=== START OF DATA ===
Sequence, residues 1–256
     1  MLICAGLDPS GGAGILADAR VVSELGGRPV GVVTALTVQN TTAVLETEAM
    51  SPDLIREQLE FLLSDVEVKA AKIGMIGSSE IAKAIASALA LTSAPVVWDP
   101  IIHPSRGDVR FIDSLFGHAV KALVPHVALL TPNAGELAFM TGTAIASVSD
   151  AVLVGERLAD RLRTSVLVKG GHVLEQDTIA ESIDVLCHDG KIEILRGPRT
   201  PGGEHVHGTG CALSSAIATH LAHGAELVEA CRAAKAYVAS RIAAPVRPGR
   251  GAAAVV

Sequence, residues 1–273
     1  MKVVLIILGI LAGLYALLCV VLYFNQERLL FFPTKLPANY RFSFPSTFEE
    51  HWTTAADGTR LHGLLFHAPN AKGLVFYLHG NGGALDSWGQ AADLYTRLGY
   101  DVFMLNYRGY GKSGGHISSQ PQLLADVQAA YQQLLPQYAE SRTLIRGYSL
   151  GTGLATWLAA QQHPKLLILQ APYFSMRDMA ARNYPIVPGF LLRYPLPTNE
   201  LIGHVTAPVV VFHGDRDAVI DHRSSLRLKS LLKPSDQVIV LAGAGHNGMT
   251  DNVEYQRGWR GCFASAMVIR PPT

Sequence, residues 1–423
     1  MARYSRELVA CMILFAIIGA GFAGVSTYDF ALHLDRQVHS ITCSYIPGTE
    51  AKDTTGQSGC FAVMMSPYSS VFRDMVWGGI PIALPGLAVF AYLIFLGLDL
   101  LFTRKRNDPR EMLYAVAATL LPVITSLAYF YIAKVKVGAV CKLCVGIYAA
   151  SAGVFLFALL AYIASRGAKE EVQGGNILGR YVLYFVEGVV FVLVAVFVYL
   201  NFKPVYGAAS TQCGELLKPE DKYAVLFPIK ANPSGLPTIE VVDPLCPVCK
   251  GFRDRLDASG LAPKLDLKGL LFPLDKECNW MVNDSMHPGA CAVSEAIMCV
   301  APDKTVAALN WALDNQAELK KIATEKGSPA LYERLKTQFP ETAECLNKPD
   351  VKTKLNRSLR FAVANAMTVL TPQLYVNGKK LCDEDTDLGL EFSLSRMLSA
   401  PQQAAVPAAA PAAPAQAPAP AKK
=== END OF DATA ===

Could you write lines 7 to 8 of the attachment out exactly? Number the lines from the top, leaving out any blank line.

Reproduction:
   251  GAAAVV

Sequence, residues 1–273